Dawn Coe-Jones, a member of the Canadian Golf Hall of Fame who helped blaze a trail for Canadian women on the pro tour, has died of cancer. She was 56.
Golf Canada said Saturday that Ms. Coe-Jones died in hospice near her home in Tampa, Fla. She had been diagnosed with bone cancer earlier this year.
The native of Lake Cowichan, B.C., played on the LPGA Tour from 1984 to 2008. She won more than $3.3-million (U.S.) on the circuit with three victories and 44 career top-10 finishes.
“Dawn touched so many people,” said Gail Graham, who played alongside Ms. Coe-Jones at Lamar University and on the LPGA Tour. “She was always the one who worried about others.”
“Dawn was a great competitor and role model for over 25 years on the LPGA Tour,” said Canadian Golf Hall of Famer Sandra Post. “Her happy and positive attitude towards life will be missed by all that knew her.”
The golf world took to social media Saturday to mourn Ms. Coe-Jones.
Mike Weir of Brights Grove, Ont., called Ms. Coe-Jones a “great player & competitor & wonderful lady!” in a tweet.
Brantford, Ont., native David Hearn tweeted: “Very saddened to hear of the passing of Dawn Coe-Jones. She was a great player and role model for so many Canadians. You will be missed Dawn.”
Former LPGA Tour pro A.J. Eathorne of Penticton, B.C., posted a photo collage of her and Ms. Coe-Jones on her Instagram account.
“A very sad day today as we say good bye to our dear friend Dawn Coe Jones,” the caption read. “One of the most caring and wonderful women I have ever met. I am so lucky to have got to spend so many great times with her and her family. Love you always Miss Dawn.”
“Just hearing of the incredibly sad news of the passing of LPGA member & Canadian legend Dawn Coe-Jones. Always a class act. RIP, my friend,” said American golfer and broadcaster Dottie Pepper.
“So sad to hear the passing of LPGA Dawn Coe Jones. A true competitor, ambassador of the game. She will be missed #RIP,” echoed Hall of Famer Annika Sorenstam.
Ms. Coe-Jones was diagnosed in mid-March with dedifferentiated chondrosarcoma that required full knee and partial tibia replacement surgery.
“The LPGA Legends are heartbroken about the loss of our great friend, Dawn, who fought a valiant fight over the past few months against a rare form of sarcoma,” said Jane Blalock, CEO of The Legends Tour. “Dawn was truly a player and a person admired, respected and loved by all of us who had the fortune to know and play alongside her. This is indeed, a very sad day.”
During the Dawn Coe-Jones Golf Classic in Tampa on Oct. 14, a golf fundraiser for sarcoma research, Ms. Coe-Jones was honoured as the recipient of the 2016 Colleen Walker Spirit Award. The award is presented each year to recognize a Legends Tour Player who best exemplifies Ms. Walker’s spirit, courage and love of the game. A nine-time LPGA Tour winner, Ms. Walker died of cancer in December, 2012.
Ms. Coe-Jones had an outstanding amateur career, scoring back-to-back wins in the B.C. Junior tournament in 1978 and 79 and the B.C. Amateur in 1982 and 83. She capped her 1983 season with the Canadian Amateur title and won NCAA all-American honours at Lamar University.
Her first LPGA win came at the Women’s Kemper Open in 1992. She went on to claim the 1994 LPGA Palm Beach Classic and 1995 Tournament of Champions.
A fervent Montreal Canadiens fan, she savoured getting a Habs jersey with No. 1 on the back after winning the Tournament of Champions.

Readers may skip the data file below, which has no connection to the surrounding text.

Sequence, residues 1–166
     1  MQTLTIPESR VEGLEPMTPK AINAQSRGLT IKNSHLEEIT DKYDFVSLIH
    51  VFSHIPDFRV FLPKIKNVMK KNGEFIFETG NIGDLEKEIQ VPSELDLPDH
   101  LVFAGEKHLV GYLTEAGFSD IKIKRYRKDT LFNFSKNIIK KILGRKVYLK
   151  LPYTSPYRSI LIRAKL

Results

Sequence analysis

She was inducted into the Canadian Golf Hall of Fame in 2003.
“I was totally caught off guard,” Ms. Coe-Jones said at the time. “In fact, I had to make sure someone wasn’t playing a trick on me. I am just thrilled and proud to be included in such good company.“
A veteran of more than 20 Canadian Opens, Ms. Coe-Jones said she had learned to embrace playing at home.
“Over the years I’ve learned that you just go out there and enjoy the atmosphere and feed off the fans,“ she said in 2006. ”They are there to support you and want Canadians to do well.”
Growing up in Lake Cowichan on Vancouver Island, she worked as a teenager at March Meadows Golf Course in Honeymoon Bay.
“I drove an old Ford tractor, cutting grass and raking bunkers by hand,” she recalled in an interview with Golf Canada magazine. “We didn’t have the equipment they’ve got now.”
She honed her golf game at March Meadows before heading to Lamar University, where she won a scholarship in her sophomore year.
Ms. Coe-Jones made her farewell appearance at the CN Canadian Open in 2008 with her trademark beaming smile despite finishing 14-over after two rounds and missing the cut.
Ms. Coe-Jones was accompanied by caddie and childhood friend Kelly Feltrin, who was on her bag when she won the Kemper Open.
Her best score ever was 63 at the Safeco Classic in 1998.
Ms. Coe-Jones’s best chance to win her national Open was in 1993, when she was third behind Brandie Burton and Betsy King at London Hunt. She tied for fourth with Canadian Gail Graham in 1998 in Windsor, Ont.
“I feel very proud of my career,” Ms. Coe-Jones said in 2008. “I wish everyone who was ever out here had that opportunity to walk up 18 and be the winner just once.
”It’s a wonderful feeling to be the best in your field one time. I was lucky enough to have it three times.”
She married Jimmy Jones in 1992 and their son, James, was born three years later.
“On behalf of the entire golf community we are deeply saddened by the passing of Dawn Coe-Jones,” Golf Canada CEO Scott Simmons said in a statement. “Dawn was a tenacious competitor, a mentor and friend to so many of her peers and a proud ambassador for Canadian golf throughout her distinguished career.
“As we mourn her passing and send our most sincere condolences to family and friends, the golf and sport community come together in celebrating her outstanding legacy.”
With files from Associated PressReport Typo/Error
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